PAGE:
Original paper

Indirect enhancement of large zooplankton by consumption of predacious macroinvertebrates by littoral fish

Sagrario De Los Ángeles González, María; Balseiro, Esteban

Abstract

Food webs in the littoral zones of shallow lakes are inherently complex. Submerged macrophytes are considered refuge areas although they host potential predators for zooplankton. During spring:summer of 2000/2001, we carried out two mesocosm experiments in Los Padres Lake, a shallow macrophyte dominated lake of the Argentine Pampa plain. We investigated the effect of littoral fish predation on zooplankton and the role of submerged macrophytes and benthic macroinvertebrates in the zooplankton-fish relationship. Treatments differed in macrophyte cover (0-65% PVI) and fish presence. In both experiments, we determined zooplankton abundance and body size distribution, as well as macroinvertebrate abundance. The addition of the small littoral fish Astyanax eigenmanniorum (Characidae, Tetragonopterinae) to the enclosures had either a positive or a negative effect on large zooplankton, especially on calanoid copepods, depending on macroinvertebrate densities and availability. Fish did not impact on small size Cladocera. Instead, littoral fish preferred macroinvertebrates to zooplankton, and thus, the impact of fish predation on plankton community depended largely on the macroinvertebrate abundance. Therefore, our results suggest that macrophyte-fish complex could enhance or depress zooplankton abundance and that the effect is related with predatory macroinvertebrates associated with vegetation.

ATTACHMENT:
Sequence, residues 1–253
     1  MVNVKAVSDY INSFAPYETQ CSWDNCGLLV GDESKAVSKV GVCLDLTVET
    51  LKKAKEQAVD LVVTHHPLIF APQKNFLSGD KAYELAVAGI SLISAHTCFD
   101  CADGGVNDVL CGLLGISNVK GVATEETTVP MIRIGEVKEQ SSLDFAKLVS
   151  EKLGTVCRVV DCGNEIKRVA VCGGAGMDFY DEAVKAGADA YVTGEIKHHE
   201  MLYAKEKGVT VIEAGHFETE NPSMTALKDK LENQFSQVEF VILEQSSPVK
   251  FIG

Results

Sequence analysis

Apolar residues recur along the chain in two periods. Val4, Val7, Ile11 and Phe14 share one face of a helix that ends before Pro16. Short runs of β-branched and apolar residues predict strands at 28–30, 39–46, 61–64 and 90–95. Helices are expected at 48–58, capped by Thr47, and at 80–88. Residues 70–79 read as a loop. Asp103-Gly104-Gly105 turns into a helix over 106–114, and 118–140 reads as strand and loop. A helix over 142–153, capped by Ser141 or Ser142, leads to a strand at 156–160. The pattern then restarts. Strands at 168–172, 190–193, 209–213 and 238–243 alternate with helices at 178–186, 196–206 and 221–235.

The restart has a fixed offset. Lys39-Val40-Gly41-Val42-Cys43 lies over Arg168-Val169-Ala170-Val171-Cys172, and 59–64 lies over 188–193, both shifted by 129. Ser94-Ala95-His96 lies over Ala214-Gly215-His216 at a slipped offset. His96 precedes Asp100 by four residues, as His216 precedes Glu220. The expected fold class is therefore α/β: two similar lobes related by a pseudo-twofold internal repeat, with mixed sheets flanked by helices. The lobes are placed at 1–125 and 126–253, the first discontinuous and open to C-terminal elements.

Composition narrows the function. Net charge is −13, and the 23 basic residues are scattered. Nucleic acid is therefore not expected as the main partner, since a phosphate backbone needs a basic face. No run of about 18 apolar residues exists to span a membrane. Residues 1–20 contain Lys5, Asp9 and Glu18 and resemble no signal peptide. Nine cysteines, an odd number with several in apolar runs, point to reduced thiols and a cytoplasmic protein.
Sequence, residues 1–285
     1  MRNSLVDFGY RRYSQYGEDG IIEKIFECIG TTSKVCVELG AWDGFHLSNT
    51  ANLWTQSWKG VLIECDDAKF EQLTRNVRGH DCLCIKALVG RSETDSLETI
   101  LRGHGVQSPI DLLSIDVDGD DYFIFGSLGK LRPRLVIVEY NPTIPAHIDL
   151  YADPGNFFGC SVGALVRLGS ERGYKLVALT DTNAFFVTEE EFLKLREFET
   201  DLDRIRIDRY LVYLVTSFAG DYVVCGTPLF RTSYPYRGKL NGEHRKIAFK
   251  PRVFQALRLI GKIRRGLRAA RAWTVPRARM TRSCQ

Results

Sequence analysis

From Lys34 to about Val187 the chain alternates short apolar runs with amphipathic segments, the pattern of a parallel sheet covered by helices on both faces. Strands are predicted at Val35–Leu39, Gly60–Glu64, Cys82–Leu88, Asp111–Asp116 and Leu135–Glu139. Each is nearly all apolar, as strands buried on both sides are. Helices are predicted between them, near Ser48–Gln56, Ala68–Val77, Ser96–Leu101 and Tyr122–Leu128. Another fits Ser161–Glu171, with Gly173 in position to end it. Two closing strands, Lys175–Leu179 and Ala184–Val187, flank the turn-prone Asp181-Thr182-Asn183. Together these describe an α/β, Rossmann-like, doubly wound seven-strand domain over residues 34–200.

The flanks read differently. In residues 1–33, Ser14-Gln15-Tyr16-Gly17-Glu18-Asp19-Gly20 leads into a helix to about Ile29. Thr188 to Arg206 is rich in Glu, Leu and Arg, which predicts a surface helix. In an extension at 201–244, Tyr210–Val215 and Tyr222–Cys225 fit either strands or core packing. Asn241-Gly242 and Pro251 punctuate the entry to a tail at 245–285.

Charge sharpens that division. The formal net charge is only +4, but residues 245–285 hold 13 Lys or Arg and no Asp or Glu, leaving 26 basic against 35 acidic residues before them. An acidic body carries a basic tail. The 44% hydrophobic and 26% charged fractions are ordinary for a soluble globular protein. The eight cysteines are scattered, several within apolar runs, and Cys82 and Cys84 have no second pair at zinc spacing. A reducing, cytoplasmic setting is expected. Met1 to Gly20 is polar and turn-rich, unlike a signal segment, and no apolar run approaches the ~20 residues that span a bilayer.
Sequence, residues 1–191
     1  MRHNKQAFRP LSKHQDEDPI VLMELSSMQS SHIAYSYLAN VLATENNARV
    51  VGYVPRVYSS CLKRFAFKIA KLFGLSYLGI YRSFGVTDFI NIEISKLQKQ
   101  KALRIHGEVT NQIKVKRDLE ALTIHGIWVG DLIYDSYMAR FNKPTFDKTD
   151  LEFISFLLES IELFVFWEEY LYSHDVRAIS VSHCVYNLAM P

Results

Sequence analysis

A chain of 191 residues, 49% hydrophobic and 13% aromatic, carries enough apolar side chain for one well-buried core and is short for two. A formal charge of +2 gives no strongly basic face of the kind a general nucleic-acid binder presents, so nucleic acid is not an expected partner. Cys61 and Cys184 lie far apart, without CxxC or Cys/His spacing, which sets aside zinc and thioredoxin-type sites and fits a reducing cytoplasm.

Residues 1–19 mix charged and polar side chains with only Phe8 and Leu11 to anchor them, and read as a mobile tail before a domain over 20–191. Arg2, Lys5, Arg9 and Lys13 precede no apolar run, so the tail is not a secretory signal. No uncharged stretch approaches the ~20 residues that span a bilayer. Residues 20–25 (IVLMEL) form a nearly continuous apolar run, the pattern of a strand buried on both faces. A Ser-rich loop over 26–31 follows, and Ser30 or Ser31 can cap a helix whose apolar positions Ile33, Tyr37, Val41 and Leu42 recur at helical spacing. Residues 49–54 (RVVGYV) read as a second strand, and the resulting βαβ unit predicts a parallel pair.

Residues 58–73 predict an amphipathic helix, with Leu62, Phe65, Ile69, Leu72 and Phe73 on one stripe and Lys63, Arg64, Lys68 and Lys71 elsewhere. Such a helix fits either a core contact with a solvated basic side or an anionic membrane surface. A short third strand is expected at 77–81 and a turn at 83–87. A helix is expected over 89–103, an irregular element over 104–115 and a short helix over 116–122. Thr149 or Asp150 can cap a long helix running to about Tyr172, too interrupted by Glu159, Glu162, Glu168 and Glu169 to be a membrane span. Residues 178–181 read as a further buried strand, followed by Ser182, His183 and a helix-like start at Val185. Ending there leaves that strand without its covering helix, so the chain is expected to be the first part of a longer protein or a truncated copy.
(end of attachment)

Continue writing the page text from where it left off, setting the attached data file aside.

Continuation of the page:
Keywords

enclosure experimentbenthic macroinvertebratesmacrophyte refugeinvertebratepredation.